Saturday, December 17, 2016

Decima and the Fates in Mythology 1827

Decima and the Fates in Mythology, from a Classical Manual 1827

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[While the National Weather Service doesn’t officially name winter storms, the Weather Channel does and they have been doing so since 2012 when they named the NorEaster “Winter Storm Athena.” They have also been notorious for using terms like “Snowtober” and “Snowmageddon” to describe disruptive winter storms. This winter the Weather Channel has chosen the name of Decima, a name that some regard as the Winter Witch, but she was certainly one of the Fates in ancient mythology. So who were the Fates?]

The Fates, or PARCAE, were goddesses, whose power among the ancients was considered to be absolute. They were supposed to preside over the birth, life, and death of mankind; but mythologists differ with respect to their number and origin. Hesiod and Apollodorus trace the latter to Nox, or to Jupiter and Themis; Orpheus, to Erebus; Lycophron, to the sea and Jupiter Zeus; and others, to Necessity and Destiny. Cicero identifies them with the fatal necessity or destiny by which all things are directed and governed; Lucian confounds them with Destiny, or Eimarmene; while others describe them either as the ministers of that divinity, of Jupiter, or of Pluto. With respect to their number, it is the received opinion that it was three; and the names generally applied to them are, CLOTHO, LACHESIS, and ATROPOS. The number three is said to imply, by an ingenious allegory, the three divisions of time, as referred to the present, the past, and the future; Clotho, who held the distaff, in the act of spinning, designating the present; Lachesis, a well-filled spindle, the past; and Atropos, a pair of scissors with which she cut the thread (emblematical of the course of life), the future. Pausanias enumerates three other goddesses, who discharged the offices of the Fates: viz. Venus Urania, Fortune, and Ilithyia. Some add to these Proserpine, or Stygian Juno (who often disputes with Atropos the office of cutting the thread of life), and Opis, the same as Nemesis, or Adrastia. The Romans assigned the names DECIMA, NONA, and MORTA, to the Fates. Many of the ancients affirm that they were not subject to any of the gods, except Jupiter while others maintain that even Jupiter himself was obedient to their commands: some, on the contrary, assert that it was DESTINY to whose control the king of the gods was subject. The Fates inhabit, according to Orpheus, as the ministers of Pluto, a dark cave in Tartarus; according to Ovid, a palace, in which the destinies of mankind are engraven on iron and brass, so that neither the thunders of Jupiter, the motion of the heavenly bodies, nor any convulsion of nature, can efface the decrees.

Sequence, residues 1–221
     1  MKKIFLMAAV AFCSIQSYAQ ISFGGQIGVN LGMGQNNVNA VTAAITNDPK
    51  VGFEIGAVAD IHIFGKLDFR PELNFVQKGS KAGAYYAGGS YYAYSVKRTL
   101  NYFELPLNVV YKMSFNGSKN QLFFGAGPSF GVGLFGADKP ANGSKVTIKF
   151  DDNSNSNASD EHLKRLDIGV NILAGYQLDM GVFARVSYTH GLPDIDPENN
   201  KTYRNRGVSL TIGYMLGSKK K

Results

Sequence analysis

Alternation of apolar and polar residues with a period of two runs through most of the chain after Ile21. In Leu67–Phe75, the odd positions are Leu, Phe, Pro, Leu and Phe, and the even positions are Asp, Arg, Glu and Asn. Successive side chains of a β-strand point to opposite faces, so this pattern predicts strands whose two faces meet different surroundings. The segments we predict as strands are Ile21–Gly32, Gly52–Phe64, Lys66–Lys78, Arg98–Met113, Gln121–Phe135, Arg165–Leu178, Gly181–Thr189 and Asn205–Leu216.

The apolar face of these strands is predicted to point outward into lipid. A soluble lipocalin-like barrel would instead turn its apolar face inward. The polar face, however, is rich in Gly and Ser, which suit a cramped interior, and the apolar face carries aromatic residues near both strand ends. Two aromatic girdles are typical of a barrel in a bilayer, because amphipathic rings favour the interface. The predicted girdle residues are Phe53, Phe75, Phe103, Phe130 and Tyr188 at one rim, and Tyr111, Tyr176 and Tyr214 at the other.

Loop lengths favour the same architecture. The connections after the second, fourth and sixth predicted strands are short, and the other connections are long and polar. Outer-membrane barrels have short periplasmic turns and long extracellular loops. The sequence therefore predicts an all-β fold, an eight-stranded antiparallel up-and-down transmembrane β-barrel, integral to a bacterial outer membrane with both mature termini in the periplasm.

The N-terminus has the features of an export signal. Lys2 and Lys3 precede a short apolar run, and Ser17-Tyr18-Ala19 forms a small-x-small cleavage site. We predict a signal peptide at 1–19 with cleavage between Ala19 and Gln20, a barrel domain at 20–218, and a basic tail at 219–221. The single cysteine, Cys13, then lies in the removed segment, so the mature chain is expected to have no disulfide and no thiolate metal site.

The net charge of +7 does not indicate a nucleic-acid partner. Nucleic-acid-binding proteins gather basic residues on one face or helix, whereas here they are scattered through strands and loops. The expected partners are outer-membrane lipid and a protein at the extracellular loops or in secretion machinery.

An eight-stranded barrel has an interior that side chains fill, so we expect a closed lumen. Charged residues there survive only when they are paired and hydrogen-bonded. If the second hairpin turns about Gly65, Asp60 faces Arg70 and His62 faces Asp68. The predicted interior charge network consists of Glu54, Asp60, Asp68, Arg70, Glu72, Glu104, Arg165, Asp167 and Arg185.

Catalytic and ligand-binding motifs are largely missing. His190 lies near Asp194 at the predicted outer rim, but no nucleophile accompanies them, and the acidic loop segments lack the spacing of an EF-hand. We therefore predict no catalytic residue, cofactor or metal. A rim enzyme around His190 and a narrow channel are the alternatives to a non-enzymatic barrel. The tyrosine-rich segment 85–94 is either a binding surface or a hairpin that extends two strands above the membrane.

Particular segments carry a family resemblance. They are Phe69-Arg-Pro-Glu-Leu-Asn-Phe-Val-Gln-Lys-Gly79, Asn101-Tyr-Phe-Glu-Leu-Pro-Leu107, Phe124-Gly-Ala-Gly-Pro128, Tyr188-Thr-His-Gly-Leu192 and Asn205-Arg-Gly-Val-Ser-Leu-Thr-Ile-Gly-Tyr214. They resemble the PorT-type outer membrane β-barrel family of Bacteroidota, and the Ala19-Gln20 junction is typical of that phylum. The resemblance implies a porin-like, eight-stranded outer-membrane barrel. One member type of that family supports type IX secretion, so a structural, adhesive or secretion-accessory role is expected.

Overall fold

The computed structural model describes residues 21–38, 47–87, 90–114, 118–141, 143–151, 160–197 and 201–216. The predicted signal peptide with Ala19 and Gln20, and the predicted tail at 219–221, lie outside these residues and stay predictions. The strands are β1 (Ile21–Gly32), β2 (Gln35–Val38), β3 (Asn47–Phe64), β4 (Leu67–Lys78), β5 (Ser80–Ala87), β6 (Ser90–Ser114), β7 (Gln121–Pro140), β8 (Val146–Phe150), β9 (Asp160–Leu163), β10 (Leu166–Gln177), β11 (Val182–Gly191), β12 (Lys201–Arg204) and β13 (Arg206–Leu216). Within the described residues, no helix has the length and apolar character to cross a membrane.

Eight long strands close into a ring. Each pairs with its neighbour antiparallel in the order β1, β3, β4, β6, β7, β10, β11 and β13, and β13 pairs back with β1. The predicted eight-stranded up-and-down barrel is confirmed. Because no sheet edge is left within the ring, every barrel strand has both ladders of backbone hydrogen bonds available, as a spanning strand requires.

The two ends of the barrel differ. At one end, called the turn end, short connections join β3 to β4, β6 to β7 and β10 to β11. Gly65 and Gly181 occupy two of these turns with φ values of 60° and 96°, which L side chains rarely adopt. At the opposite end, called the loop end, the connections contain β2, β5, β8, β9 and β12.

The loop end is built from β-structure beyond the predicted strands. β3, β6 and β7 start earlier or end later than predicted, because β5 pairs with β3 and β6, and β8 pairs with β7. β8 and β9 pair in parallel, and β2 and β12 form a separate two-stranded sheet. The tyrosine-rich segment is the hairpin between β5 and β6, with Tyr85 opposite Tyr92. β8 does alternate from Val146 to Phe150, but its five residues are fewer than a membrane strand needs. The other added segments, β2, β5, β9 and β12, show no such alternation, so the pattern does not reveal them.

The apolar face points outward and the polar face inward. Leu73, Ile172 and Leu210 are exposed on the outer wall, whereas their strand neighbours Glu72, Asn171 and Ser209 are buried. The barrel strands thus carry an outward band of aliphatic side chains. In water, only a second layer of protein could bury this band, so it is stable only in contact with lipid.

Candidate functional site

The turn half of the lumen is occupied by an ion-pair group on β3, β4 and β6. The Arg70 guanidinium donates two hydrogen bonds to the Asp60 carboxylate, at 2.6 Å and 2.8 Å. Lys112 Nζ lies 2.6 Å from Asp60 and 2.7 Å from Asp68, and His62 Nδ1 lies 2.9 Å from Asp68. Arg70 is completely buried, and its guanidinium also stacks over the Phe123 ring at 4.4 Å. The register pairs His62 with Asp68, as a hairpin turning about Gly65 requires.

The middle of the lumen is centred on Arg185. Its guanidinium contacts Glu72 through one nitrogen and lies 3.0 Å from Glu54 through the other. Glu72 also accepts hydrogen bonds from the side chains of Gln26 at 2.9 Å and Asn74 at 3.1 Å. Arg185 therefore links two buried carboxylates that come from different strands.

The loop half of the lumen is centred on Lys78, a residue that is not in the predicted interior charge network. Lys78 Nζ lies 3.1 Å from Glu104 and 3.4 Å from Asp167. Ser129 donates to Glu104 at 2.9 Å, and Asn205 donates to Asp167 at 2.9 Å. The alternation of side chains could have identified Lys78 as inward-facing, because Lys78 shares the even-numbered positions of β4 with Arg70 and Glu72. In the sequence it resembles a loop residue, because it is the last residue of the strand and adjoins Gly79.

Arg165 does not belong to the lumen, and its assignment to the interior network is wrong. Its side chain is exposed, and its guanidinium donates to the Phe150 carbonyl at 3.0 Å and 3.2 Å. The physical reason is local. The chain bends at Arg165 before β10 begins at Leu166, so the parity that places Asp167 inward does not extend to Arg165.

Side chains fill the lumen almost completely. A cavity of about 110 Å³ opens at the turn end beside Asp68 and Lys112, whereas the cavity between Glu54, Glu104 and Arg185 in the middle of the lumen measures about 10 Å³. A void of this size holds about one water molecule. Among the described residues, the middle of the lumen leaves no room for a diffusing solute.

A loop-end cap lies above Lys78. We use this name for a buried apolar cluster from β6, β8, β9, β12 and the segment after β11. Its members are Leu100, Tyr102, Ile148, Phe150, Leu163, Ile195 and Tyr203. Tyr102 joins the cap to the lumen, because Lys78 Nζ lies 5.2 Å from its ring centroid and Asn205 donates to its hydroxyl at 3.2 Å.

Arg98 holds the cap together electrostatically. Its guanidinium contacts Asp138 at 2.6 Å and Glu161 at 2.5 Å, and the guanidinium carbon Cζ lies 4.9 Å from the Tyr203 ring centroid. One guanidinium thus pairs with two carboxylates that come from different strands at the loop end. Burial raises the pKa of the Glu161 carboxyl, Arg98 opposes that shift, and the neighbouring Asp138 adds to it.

Plato and other philosophers place their abode in the celestial regions, describing them as decorated with starry white robes, with crowns on their heads, seated upon thrones of resplendent brightness, and joining in harmonious strains with the Sirens. Among other representations, they are depicted under the semblance of decrepid old women, entirely covered by a white robe edged with purple, wearing crowns, composed either of flocks of wool and narcissus flowers, or of gold (their heads being often however encircled by a simple fillet), and holding respectively a distaff, a spindle, and a pair of scissors; sometimes a crown with seven stars, a variegated robe, and a light blue drapery, are exclusively assigned to Clotho; a robe covered with stars, and a pink drapery, to Lachesis [Decima]; and a long black veil, to Atropoa; the great age of the Parcae denoting the eternity of the divine decrees; the distaff and spindle, the regulation of these decrees; and the mysterious thread, the little importance which should he attached to a state of existence depending on the most trifling casualties. Lycophron describes them as being lame; and Hesiod as having black and ferocious countenances. They are sometimes placed, with the Hours, round the throne of Pluto; and, at Megara, they were sculptured on the head of a Jupiter, to imply the subjection of the god to Destiny, of whom, according to such representation, the Fates were the ministers.

The Greeks called them Moirae, the Romans in later times, Matrae, and erected altars to them at Olympia, Megara, Sicyon, and Sparta, at Rome, in Tuscany, and at Verona; in Gaul, these divinities were worshipped under the appellation of Goodess-Mothers.

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